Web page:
For some, the implications of a sudden increase in the size of AFCON, with barely two years to the next tournament, is underestimated by the Executive Committee members, as it enables half the continent to play in AFCON. Those against the increase to the 2019 edition describe it as being in for a flop quality-wise and a competition that will last close to two months. The 16-team current competition lasts almost a month.
African players will have to play the 2019 Cameroon and 2021 Guinea AFCONS as well as the 2021 FIFA Confederations Cup all during June/July except the 2022 World Cup which will be played in December, which is way too much for players. Also asking the hosts to suddenly accommodate eight more teams and provide more stadiums and training pitches when they are already struggling to provide facilities for 16, is considered unfair. Before the symposium and congress, Cameroon came under criticism for being behind with its preparations. Rumours had it that they were warned the event could be moved. An inspection team is expected to pay a visit to Cameroon in September to decide on its readiness. The Guineans could be luckier, given they have more time.
Beginning the new changes as of 2019 does not appear to give enough time for a proper transition. Changing the rules when qualifiers have started and having a major competition every end of season were seen by the opposition as some of the mistakes made in Rabat. For them, the way several decisions have been taken leave many questions unanswered. It seems that the new CAF government wants to be seen as taking bold, radical decisions which are far-reaching. But they need to be taken with caution.
Some find that even though CAF changed presidents it's still led by cheerleaders and any contrary views are suppressed, its advocates to be flogged in the market place. Those who wanted AFCON to be played in June and July appeared to be treated as Europeans, not Africans. Today any word against reforms and you are called a ‘Hayatu man', referring to the former CAF president Eissa Hayatou.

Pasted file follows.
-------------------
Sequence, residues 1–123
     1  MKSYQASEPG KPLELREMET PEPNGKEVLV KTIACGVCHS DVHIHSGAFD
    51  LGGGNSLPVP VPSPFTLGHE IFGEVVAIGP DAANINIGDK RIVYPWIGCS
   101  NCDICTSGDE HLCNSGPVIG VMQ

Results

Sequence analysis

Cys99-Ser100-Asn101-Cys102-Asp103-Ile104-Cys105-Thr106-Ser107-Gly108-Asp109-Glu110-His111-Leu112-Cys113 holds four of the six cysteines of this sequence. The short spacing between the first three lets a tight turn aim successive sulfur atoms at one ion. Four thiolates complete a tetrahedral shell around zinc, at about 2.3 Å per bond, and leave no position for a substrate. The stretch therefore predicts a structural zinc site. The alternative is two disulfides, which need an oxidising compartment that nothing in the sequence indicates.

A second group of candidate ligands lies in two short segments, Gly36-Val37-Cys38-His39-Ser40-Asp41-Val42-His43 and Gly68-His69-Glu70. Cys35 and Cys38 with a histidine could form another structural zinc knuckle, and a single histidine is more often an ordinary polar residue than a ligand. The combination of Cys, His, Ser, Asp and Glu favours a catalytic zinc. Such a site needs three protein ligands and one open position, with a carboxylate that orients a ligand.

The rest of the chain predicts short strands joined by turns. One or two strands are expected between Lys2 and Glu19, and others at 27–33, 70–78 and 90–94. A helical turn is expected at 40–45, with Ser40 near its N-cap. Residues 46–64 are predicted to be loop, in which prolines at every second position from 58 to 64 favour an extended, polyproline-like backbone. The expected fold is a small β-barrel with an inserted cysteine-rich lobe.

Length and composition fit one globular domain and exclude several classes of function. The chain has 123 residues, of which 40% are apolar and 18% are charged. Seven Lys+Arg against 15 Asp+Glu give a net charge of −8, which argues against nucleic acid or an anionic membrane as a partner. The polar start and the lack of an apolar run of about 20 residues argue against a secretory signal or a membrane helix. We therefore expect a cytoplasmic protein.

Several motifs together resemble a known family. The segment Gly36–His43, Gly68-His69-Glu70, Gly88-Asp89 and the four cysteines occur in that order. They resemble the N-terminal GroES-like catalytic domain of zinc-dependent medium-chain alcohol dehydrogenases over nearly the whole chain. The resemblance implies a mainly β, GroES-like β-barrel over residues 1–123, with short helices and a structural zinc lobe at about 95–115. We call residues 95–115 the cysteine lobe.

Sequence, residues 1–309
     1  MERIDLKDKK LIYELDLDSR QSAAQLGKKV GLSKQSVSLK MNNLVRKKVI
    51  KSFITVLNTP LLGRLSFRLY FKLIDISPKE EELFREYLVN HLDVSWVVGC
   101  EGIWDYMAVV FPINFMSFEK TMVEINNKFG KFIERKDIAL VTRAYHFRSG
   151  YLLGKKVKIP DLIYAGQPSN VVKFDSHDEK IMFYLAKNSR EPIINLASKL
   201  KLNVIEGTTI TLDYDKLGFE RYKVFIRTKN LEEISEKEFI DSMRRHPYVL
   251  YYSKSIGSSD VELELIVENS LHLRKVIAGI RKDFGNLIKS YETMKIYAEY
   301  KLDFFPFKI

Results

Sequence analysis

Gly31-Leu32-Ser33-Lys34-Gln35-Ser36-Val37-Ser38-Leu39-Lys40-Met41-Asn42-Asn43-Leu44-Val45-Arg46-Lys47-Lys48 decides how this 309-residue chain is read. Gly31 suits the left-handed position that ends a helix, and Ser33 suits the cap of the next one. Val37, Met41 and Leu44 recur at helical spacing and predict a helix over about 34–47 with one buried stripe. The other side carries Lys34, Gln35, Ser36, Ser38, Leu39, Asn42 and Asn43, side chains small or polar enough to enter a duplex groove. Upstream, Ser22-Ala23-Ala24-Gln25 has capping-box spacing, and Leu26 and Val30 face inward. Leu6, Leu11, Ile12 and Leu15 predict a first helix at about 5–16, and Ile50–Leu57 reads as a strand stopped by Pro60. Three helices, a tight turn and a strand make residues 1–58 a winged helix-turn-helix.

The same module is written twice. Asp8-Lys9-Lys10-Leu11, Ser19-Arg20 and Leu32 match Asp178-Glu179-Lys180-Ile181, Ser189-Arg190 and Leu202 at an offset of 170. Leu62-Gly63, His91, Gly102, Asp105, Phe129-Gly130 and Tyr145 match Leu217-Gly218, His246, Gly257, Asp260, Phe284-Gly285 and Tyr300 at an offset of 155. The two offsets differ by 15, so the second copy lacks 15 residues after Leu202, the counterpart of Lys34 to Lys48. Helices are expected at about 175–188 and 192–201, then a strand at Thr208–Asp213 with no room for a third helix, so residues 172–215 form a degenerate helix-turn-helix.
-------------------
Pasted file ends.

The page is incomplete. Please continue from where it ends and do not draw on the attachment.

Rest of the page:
The thinking is that while Africa can jump to 24 teams the procedure needs to be thoroughly studied and applied progressively. Why the rush? The AFCON expansion plan is certainly, according to some, a political decision, because many countries feel bad about not being able to qualify for the 16-team format. And from here came the idea of the expansion, for smaller countries to be part of the competition.
But what about the organisation? By taking the decision, CAF has to take a more hands-on role regarding AFCON preparations, the way FIFA does. But the politically popular is not always correct. You can't please everybody. What is needed in African football, post-Hayatou, is a change in how long-term decisions that have a profound effect on the African game are taken.
Apart from South Africa and the northern bloc of the continent, there are several question marks concerning how many countries in Africa will be able to host the AFCON, especially the smaller states. The question is whether they meet the criteria. Which means that hosting the AFCON and profiting from its revenues will only be reserved for big countries.
It is not about Cameroon; any other country could have been given the 2019 AFCON, and would be facing the same issues. The new CAF government is perfectly within its right to do what it deems fit even if some disagree with some of its decisions. The concern is that some feel an adequate transition period was not required.
One of the biggest fears regarding playing in June and July is that it sets us on a course for an eventful four-year AFCON. This has been denied by the workshop's participants and the executive committee because Africa needs the event to stay bi-annual for the sake of developing the game for everyone in the business. Having it being held every four years as the UEFA Cup would lead to a decline of African football.
Right decisions taken by CAF executives mean the Africa game will blossom and ill-timed decisions will clearly have profound consequences.